News

Mapping benthic habitats, seabed damage, and monitoring

Advice released on trio of biodiversity indicators for OSPAR and on fishing activity pressure for HELCOM.
Published: 25 August 2015

​​​​​​​​​​​​​​​​​​Based on requests from the OSPAR and the Helsinki Commission (HELCOM), today's advice centres on monitoring of, impacts on, and biodiversity across seafloor (benthic) habitats and the development of indicators in support of the Marine Strategy Framework Directive (MSFD).

The work for OSPAR came in three parts: a map illustrating abrasion on the seafloor as a result of fishing pressure, the suitability​ of a reduced list of habitats, and the evaluation of monitoring and assessment requirements. The HELCOM request, meanwhile, was for a similar fishing activity map, in this case across its area of the Baltic Sea.

The first part of the OSPAR request included analysing and bringing together national vessel monitoring system (VMS)​ and logbook data by both geographic distribution and type of bottom-contacting gear used to catch fish in the respective sea areas. The resulting advice contains two sets of maps that denote where and how much seafloor surface damage has been caused, one for the wider OSPAR maritime area of the Northeast Atlantic and another covering the North Sea and Celtic Seas.

Finding characteristic habitats

The second component entailed providing selection criteria for a shortened list of appropriate benthic habitats for what are known as Typical Species Composition indicators.

Koen Vanstaen, involved in both the recent review and advice drafting group, from the UK's Centre for Environment, Fisheries and Aquaculture Science (Cefas) explained.

"The typical species indicator looks at what the typical species composition is of certain habitat types. Of course there are loads. It would be a huge job to develop a list for each of these, so we're trying to find some characteristic habitats. Also, we don't have data available for each and every habitat. We have to prioritize based on where data is available and what makes sense from a scientific viewpoint."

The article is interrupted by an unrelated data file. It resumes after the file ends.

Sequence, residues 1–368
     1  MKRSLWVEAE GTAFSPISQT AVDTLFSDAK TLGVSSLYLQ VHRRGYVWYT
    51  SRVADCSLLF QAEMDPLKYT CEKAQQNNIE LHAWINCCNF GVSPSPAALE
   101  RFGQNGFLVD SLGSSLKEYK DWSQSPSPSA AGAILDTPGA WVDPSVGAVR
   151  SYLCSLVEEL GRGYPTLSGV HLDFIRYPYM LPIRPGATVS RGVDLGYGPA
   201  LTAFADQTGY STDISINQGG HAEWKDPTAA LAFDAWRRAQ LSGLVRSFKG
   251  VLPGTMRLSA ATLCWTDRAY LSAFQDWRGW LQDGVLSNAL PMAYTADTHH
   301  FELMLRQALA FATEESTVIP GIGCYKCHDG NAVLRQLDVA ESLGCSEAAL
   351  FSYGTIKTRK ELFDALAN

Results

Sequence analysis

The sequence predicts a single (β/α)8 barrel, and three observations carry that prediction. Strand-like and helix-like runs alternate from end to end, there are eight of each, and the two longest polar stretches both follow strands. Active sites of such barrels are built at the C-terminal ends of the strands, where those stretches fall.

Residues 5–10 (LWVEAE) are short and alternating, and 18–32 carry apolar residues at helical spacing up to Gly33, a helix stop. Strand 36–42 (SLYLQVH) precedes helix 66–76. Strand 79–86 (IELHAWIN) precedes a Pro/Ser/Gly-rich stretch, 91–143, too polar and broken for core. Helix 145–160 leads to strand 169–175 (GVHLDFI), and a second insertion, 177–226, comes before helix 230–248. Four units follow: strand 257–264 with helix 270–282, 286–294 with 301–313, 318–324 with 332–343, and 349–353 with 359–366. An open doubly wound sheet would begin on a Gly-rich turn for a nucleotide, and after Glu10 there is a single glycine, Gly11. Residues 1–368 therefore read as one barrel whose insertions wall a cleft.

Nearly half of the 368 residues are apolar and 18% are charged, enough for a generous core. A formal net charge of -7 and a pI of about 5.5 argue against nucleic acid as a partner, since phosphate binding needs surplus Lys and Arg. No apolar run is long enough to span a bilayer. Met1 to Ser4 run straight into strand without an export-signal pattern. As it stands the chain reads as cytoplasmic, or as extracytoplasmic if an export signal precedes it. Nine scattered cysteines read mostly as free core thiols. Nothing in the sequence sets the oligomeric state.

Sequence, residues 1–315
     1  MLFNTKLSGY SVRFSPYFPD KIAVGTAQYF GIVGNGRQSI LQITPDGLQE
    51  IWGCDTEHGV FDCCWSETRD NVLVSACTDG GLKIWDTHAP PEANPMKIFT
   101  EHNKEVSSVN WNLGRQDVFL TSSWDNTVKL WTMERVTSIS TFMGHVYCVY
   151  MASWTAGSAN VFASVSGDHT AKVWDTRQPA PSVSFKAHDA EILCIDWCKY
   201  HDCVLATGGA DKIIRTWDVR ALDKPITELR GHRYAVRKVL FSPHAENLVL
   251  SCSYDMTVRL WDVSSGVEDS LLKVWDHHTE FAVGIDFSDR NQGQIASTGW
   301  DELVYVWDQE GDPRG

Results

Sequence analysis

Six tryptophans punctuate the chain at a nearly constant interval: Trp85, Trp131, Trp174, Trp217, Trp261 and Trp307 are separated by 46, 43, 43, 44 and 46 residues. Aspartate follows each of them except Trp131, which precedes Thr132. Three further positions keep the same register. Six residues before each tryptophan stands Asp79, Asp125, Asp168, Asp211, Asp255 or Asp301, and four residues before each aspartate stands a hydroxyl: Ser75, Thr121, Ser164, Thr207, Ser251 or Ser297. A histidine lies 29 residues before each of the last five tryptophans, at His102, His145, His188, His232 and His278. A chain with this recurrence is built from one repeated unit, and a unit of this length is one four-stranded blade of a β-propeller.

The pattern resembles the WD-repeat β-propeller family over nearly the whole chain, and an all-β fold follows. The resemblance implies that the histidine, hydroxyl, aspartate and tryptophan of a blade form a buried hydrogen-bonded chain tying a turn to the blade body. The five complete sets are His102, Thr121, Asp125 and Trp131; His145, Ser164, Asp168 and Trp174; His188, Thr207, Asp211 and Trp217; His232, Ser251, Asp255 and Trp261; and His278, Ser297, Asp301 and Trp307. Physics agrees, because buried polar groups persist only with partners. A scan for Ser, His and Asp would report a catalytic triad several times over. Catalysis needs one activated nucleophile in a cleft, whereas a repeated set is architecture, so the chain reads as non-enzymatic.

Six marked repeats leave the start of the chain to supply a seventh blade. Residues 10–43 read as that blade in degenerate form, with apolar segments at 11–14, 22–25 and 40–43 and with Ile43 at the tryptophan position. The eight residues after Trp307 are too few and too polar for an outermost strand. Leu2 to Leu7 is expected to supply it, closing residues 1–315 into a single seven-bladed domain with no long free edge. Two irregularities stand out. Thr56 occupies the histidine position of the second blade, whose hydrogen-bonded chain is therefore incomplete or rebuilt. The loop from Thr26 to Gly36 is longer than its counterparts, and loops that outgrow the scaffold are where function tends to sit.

Monitoring monitoring

Monitoring programmes are at the heart of the third prong of today's advice, with the experts detailing what is currently in place and what is lacking. A final assessment on the suitability of each programme in serving OSPAR indicators has been issued as part of the final advice.

"We're developing an indicator to assess the status of habitats," continued Vanstaen. "One of the challenges here is actually getting hold of all the monitoring programmes: who collects what – where? When? How often?"

Coming up with the advice involved the efforts of a number of expert groups, including that on spatial fisheries data (WGSFD), on marine habitat mapping (WGMHM), and on benthic ecology (BEWG).

Print this pagePrint it Request newsletterSend to Post to Facebook Post to Twitter Post to LinkedIn Share it
subsurface abrasion pressure map OSPAR area

​Subsurface abrasion pressure expressed as the swept area ratio from VMS data between 2009-2013 in part of the OSPAR region with most data.​ Note: caveats apply when interpreting the maps in the advice. 

c FollowFollow Focus on ContentFocus on Content
HelpGive Feedback
SharePoint

Mapping benthic habitats, seabed damage, and monitoring

International Council for the Exploration of the Sea (ICES) · Conseil International pour l'Exploration de la Mer (CIEM)
ICES Secretariat · H. C. Andersens Boulevard 44-46, DK 1553 Copenhagen V, Denmark · Tel: +45 3338 6700 · Fax: +45 3393 4215 · info@ices.dk
Disclaimer · © ICES - All Rights Reserved
top